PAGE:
Some Iraqi Odds and Ends
Posted by Michael Wahid Hanna
Sunday was a good day for Iraq but it is unwise to draw overly broad conclusions based on this one day. And I am holding off on commenting about the government formation process until we get official results from the Independent High Electoral Commission of Iraq (IHEC). But I did want to comment on two very important points because they have often shaped and warped the nature of commentary and analysis on last Sunday’s elections.
First, the question of Sunni participation has become garbled with the passage of time, perhaps due to Iraq’s unorthodox political calendar in 2005, when the country held three nationwide votes in succession: a January 2005 parliamentary election for a transitional national assembly, which was tasked with drafting a constitution; an October 2005 referendum to ratify Iraq’s constitution; and a December 2005 parliamentary election, which resulted in the seating of the current parliament and the selection of Prime Minister Nouri al-Maliki.
Sunni Arab participation in the first of these elections was abysmally low. This was the result of an announced boycott of the political process by various Sunni Arab political and insurgent groups and the very real threat of retaliation against those who dared to vote in Sunni Arab areas. The effects of this boycott were magnified due to the fact that the country was organized into one electoral district as opposed to province by province voting. This was done for administrative reasons due to the inability to organize a more complicated election at that time, but the choice had very grave consequences for the political process and only served to amplify the lack of Sunni Arab participation.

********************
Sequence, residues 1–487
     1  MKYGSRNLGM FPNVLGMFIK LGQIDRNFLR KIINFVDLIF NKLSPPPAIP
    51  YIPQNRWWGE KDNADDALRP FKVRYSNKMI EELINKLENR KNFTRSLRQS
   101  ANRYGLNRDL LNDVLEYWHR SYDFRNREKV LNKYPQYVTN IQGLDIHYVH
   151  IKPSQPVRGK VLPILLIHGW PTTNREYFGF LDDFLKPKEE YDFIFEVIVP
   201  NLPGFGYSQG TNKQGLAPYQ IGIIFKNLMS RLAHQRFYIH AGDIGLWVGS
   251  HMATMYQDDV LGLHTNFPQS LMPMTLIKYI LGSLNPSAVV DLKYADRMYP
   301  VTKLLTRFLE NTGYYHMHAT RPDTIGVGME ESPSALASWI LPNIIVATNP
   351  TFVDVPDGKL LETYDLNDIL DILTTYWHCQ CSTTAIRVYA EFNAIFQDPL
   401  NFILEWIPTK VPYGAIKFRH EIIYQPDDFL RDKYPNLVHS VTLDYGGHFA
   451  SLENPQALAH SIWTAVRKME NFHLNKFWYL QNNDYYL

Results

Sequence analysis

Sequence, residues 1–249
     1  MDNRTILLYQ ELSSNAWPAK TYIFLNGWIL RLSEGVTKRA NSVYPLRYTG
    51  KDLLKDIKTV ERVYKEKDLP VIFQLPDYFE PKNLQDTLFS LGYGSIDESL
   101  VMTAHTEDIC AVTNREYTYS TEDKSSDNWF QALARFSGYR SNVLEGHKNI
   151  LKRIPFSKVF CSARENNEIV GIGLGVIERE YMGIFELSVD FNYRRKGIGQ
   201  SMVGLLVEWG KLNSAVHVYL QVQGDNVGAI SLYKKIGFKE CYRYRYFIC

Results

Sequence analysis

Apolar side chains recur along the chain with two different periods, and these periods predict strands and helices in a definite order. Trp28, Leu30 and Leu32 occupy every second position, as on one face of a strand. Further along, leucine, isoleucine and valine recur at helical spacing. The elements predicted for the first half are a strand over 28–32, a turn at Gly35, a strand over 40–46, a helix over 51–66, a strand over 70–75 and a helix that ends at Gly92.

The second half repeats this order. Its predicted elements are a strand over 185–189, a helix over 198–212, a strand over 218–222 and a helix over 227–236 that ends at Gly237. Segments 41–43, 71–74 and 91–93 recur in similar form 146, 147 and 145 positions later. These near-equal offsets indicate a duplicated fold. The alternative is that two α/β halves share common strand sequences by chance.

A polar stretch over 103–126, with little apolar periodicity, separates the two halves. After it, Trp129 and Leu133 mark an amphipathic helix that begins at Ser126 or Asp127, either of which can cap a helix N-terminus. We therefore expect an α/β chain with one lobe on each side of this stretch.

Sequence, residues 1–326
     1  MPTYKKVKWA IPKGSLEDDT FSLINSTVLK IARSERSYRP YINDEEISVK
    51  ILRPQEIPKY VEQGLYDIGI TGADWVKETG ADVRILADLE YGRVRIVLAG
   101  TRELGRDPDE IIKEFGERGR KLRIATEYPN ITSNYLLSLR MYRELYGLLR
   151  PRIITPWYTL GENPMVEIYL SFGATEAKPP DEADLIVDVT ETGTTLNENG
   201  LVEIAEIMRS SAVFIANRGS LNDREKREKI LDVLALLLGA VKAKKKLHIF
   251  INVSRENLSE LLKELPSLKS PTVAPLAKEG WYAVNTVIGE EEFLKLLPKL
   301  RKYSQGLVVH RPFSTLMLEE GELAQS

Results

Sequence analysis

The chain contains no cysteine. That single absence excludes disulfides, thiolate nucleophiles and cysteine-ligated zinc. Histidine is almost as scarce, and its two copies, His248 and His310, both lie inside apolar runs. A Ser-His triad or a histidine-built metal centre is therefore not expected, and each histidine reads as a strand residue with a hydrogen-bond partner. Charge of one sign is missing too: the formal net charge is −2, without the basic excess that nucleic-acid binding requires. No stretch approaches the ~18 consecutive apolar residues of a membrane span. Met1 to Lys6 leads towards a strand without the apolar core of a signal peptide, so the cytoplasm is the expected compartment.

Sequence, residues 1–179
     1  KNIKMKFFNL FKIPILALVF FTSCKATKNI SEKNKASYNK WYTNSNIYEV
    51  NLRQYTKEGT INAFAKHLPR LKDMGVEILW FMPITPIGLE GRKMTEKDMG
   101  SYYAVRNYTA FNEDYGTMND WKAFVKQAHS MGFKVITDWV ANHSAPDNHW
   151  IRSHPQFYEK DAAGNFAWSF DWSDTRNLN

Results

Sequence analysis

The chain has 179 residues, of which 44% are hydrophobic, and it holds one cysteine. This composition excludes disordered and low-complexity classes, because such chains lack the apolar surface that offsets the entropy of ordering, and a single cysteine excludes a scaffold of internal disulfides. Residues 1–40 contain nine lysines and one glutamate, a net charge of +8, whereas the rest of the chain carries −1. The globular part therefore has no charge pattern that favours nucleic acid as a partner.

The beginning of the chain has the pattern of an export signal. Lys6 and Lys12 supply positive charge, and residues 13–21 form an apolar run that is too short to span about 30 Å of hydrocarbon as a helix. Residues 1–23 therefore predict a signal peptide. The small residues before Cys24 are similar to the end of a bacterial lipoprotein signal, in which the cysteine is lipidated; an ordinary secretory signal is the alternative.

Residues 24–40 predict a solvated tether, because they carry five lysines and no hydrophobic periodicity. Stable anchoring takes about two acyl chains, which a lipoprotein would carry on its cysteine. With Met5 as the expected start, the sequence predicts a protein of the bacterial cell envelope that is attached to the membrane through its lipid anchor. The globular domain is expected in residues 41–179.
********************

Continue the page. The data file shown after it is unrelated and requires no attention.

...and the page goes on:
This was not the case in the December 2005 elections when Sunni Arabs turned out to vote in numbers that corresponded or exceeded the levels of turnout in other provinces. Of course, Sunni Arabs also turned out in other mixed areas of the country, but the demonstration of Sunni Arab participation in those elections is most clear when looking at the results from the four Sunni-majority provinces (the demographics of the contested province of Tameem (or Kirkuk) are something of an unknown, although the Kurds almost certainly constitute a majority at this time): Anbar, Diyala, Ninewa, and Salahaddeen.
Here are the official numbers from that election as released by IHEC:
The bottom line is that Sunni Arabs participated in the December 2005 elections. Keep that in mind next time you hear that Sunni Arabs boycotted the previous parliamentary elections because it is not accurate.
Second, I wanted to address the issue of voter turnout and participation. Most stories have led with the percentage of voters who turned out on Sunday, citing the approximately 62% released by IHEC. But this number is not particularly useful for comparative purposes and is, in fact, somewhat misleading. This is a result of the increase in voter registration rolls since 2005. This has been a politically-sensitive issue, particularly in Kirkuk, but without getting into too many details, the method for registering voters has changed since that time and is now based on passive registration. As such, the more relevant figure for comparison’s sake is the total number of voters. As you can see above, that number for in-country voting was under 12 million in December 2005. But according to an IHEC representative, total voter turnout on Sunday exceeded (Arabic) 12 million after figuring in 272,000 out-of-country votes. So the level of in-country participation appears to have held steady as opposed to suffering a serious decline, which has been the general implication of much of the press coverage.